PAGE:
How to Prepare When Storm Clouds Gather
Oh, oh! That’s not good.
My in-laws live on the island of Puerto Rico, a place not unfamiliar with severe weather. In fact, in September 2017, they received word that a storm had formed over the Atlantic and was gaining intensity as it moved toward them.
At first this wasn’t panic-worthy news as these storms would often dissipate before coming too close. However, two days later, on September 18th, they were informed the storm had grown into a level-5 hurricane—the highest possible level. It ripped through the island of Dominica, about 600km southeast of their home and, after moving back out over the Caribbean, the storm actually picked up intensity with winds reaching 280km/h. It soon became obvious that their home was in its warpath.
Powerless to stop the hurricane, all that was left for my wife’s family to do was to “button-down-the-hatches,” so to speak—tie down what could be tied down, board-up windows, gather candles, stock food, and wait for the inevitable and inescapable devastation that was crossing the sea.
In Mark 13, we find the twelve disciples in a similar situation. Jesus, looking to the future, reports that storm clouds are gathering on the horizon. And what’s coming, he says, will be as devastating as it is unpreventable. And, knowing what’s on its way, Jesus instructs his disciples to button down the hatches—to prepare so as to endure the inevitable and inescapable.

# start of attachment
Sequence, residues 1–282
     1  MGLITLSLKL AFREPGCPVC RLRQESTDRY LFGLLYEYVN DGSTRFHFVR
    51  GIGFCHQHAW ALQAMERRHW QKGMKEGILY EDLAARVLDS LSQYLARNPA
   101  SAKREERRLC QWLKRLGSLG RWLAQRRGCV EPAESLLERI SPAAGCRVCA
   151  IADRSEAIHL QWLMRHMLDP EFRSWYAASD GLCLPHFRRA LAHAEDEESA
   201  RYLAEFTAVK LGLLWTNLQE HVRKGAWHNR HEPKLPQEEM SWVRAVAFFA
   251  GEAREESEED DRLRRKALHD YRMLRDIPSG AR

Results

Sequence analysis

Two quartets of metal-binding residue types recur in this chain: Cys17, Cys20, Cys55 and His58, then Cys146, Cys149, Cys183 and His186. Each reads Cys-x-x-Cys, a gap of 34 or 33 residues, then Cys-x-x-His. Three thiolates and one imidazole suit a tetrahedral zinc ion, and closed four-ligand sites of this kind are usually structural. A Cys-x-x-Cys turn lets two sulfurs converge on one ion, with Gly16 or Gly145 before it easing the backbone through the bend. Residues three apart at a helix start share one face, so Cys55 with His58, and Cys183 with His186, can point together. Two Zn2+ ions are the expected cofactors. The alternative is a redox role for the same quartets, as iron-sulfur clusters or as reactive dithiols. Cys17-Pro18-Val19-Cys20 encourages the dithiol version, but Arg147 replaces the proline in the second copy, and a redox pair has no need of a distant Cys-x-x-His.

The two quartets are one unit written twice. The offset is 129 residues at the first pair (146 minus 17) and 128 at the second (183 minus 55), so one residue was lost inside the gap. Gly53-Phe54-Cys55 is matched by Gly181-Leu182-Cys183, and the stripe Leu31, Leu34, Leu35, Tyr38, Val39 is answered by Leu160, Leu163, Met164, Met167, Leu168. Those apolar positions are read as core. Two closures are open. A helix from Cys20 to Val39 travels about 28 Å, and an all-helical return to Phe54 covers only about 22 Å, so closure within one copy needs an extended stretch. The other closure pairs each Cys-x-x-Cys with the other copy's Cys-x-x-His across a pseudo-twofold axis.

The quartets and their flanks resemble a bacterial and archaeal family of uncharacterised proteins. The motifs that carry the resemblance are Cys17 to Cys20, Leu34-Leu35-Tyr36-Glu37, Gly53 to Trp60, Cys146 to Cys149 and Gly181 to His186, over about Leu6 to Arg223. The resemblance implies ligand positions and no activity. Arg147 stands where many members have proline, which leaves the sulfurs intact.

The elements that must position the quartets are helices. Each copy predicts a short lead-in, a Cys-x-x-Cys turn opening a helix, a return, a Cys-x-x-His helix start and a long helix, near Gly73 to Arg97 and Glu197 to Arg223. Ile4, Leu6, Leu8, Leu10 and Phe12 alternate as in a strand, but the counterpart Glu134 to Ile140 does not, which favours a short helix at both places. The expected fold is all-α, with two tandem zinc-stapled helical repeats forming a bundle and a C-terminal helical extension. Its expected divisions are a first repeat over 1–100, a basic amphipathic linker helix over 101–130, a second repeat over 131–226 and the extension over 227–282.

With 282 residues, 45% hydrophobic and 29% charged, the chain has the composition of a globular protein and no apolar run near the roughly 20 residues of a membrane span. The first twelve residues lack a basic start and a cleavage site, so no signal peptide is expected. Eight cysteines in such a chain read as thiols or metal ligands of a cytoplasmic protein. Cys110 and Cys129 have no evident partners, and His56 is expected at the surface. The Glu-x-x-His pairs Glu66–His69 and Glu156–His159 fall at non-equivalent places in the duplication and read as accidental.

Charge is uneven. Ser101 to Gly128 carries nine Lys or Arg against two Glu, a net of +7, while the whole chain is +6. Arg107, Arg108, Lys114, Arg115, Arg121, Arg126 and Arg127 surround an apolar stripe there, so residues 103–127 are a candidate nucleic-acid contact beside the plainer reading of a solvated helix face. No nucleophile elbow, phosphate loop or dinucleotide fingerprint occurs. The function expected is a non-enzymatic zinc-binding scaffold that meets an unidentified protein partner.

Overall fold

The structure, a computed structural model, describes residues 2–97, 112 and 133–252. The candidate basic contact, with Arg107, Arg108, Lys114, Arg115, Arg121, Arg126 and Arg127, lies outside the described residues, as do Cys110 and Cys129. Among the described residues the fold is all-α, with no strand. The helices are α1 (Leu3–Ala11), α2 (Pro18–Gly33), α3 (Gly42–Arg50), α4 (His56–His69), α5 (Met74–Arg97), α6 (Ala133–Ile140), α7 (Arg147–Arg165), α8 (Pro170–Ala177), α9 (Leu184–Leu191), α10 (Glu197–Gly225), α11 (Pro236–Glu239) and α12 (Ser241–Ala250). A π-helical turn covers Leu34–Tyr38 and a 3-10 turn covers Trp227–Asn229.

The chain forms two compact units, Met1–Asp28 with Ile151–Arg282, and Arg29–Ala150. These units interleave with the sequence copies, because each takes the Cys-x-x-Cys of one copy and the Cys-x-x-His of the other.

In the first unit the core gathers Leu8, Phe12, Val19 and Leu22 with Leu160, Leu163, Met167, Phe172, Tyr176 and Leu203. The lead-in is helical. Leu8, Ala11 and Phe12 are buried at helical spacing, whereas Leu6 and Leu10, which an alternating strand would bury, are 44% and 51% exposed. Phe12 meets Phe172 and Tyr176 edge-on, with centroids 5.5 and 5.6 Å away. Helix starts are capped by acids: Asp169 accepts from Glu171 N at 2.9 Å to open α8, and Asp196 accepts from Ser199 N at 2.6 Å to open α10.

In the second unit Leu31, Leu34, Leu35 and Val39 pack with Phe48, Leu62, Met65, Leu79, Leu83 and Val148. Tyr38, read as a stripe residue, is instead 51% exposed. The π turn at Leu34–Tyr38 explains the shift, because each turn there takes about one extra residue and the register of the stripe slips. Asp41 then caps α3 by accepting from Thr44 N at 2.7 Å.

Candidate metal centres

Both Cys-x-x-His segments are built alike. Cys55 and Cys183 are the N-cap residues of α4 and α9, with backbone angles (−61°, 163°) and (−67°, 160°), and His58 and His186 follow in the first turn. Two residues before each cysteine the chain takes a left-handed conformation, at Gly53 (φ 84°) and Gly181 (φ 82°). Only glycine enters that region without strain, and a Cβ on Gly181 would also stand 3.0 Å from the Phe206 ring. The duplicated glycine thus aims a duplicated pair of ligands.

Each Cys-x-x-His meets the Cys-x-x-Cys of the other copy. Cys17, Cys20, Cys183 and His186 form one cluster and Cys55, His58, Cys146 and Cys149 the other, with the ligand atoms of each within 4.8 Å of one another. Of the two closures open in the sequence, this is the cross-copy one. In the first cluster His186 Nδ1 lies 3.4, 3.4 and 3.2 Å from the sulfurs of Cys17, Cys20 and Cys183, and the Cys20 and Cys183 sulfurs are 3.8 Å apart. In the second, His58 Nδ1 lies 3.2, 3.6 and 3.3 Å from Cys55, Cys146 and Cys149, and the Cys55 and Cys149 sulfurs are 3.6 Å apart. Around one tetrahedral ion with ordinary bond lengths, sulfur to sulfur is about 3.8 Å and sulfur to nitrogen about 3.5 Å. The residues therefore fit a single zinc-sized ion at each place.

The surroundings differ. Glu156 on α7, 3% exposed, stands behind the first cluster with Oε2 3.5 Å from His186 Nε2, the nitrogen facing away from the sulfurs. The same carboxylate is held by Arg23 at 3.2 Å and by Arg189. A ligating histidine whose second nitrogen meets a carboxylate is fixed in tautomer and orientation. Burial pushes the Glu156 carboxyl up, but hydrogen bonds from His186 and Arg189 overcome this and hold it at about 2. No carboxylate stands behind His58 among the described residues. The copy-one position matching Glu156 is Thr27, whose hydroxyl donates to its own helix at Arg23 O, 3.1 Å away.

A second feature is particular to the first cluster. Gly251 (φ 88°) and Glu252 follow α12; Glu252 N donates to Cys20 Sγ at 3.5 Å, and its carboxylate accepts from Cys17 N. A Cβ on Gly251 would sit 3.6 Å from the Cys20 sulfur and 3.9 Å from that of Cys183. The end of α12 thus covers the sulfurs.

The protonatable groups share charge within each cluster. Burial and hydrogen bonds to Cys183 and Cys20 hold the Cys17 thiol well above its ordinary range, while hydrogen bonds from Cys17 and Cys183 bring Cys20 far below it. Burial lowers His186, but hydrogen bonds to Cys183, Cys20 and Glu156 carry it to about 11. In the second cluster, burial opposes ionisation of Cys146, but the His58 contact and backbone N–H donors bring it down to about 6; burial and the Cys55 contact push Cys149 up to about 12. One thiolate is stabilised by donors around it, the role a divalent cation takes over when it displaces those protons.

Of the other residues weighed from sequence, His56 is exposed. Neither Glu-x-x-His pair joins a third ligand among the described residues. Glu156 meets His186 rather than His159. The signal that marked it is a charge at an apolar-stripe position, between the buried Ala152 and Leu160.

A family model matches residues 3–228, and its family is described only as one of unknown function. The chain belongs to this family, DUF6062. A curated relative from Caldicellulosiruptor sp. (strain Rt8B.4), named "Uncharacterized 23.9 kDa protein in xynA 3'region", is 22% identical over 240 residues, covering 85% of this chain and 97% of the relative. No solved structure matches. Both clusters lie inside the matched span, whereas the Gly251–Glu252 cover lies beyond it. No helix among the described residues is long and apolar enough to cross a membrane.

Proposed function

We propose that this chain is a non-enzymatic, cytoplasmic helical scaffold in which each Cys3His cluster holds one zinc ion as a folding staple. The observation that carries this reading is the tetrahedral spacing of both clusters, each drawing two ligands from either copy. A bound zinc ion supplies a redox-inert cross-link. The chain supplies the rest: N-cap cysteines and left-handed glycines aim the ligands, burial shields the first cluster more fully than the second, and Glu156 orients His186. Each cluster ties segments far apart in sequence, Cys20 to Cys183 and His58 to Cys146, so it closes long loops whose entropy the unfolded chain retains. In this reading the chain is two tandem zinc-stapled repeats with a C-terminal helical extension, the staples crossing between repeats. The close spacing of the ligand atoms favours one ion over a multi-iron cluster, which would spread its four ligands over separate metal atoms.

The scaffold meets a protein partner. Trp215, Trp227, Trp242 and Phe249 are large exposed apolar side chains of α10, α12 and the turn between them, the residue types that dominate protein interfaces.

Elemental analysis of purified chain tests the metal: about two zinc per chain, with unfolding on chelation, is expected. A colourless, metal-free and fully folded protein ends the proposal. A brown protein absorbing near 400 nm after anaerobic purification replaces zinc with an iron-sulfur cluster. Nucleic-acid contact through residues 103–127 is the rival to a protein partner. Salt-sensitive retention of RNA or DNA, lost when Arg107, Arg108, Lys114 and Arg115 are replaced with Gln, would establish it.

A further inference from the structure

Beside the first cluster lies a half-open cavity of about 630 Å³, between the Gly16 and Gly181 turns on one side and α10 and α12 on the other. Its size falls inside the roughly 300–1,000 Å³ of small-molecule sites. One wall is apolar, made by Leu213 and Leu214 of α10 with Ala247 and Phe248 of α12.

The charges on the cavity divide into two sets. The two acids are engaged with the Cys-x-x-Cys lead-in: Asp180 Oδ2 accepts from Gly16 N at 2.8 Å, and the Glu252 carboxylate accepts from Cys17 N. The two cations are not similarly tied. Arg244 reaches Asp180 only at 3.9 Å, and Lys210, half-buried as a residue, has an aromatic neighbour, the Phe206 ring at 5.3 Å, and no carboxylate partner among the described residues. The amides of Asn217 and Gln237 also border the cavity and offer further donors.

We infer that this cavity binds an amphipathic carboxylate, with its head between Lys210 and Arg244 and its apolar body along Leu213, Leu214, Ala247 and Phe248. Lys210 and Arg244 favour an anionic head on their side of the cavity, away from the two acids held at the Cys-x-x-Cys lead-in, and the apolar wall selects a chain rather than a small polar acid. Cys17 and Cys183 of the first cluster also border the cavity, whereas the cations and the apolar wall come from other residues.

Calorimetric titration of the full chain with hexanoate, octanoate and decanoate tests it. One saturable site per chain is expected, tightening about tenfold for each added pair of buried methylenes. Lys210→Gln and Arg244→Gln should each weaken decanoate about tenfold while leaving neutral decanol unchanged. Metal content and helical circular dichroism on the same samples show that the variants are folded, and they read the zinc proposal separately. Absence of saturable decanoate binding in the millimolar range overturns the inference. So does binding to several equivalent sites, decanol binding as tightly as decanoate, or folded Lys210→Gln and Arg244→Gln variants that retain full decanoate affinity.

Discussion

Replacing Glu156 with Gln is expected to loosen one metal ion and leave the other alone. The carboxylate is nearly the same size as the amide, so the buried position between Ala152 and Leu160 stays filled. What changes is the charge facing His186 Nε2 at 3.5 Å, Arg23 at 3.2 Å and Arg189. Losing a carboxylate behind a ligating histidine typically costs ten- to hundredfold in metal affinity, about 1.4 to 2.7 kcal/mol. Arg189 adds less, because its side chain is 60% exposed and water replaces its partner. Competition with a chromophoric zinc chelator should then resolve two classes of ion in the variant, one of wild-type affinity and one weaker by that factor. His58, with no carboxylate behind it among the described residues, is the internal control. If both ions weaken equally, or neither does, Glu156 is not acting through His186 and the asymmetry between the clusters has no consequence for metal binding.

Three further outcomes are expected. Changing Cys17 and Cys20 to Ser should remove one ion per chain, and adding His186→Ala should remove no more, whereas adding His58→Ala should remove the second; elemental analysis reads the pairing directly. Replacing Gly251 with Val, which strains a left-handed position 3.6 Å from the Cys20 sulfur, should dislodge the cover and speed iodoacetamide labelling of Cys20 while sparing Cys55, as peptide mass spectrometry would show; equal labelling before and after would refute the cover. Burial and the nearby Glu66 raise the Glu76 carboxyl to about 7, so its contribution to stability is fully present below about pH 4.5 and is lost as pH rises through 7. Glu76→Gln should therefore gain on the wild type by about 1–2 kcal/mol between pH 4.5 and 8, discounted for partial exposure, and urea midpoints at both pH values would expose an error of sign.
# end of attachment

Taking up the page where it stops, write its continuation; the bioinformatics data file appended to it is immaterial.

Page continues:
The passage begins with Jesus making a shocking declaration: “This beautiful temple, the pride of the Jews, is going to be totally destroyed.”
The twelve are forced to chew on that statement in silence as they cross the valley to the Mount of Olives. Once sitting down, a handful of the disciples ask Jesus to explain his previous comments. They don’t question the validity of his prophecy, rather, they ask “When will these things happen? And what will be the signs preceding the events?” (v. 4). They want to be prepared for what’s ahead.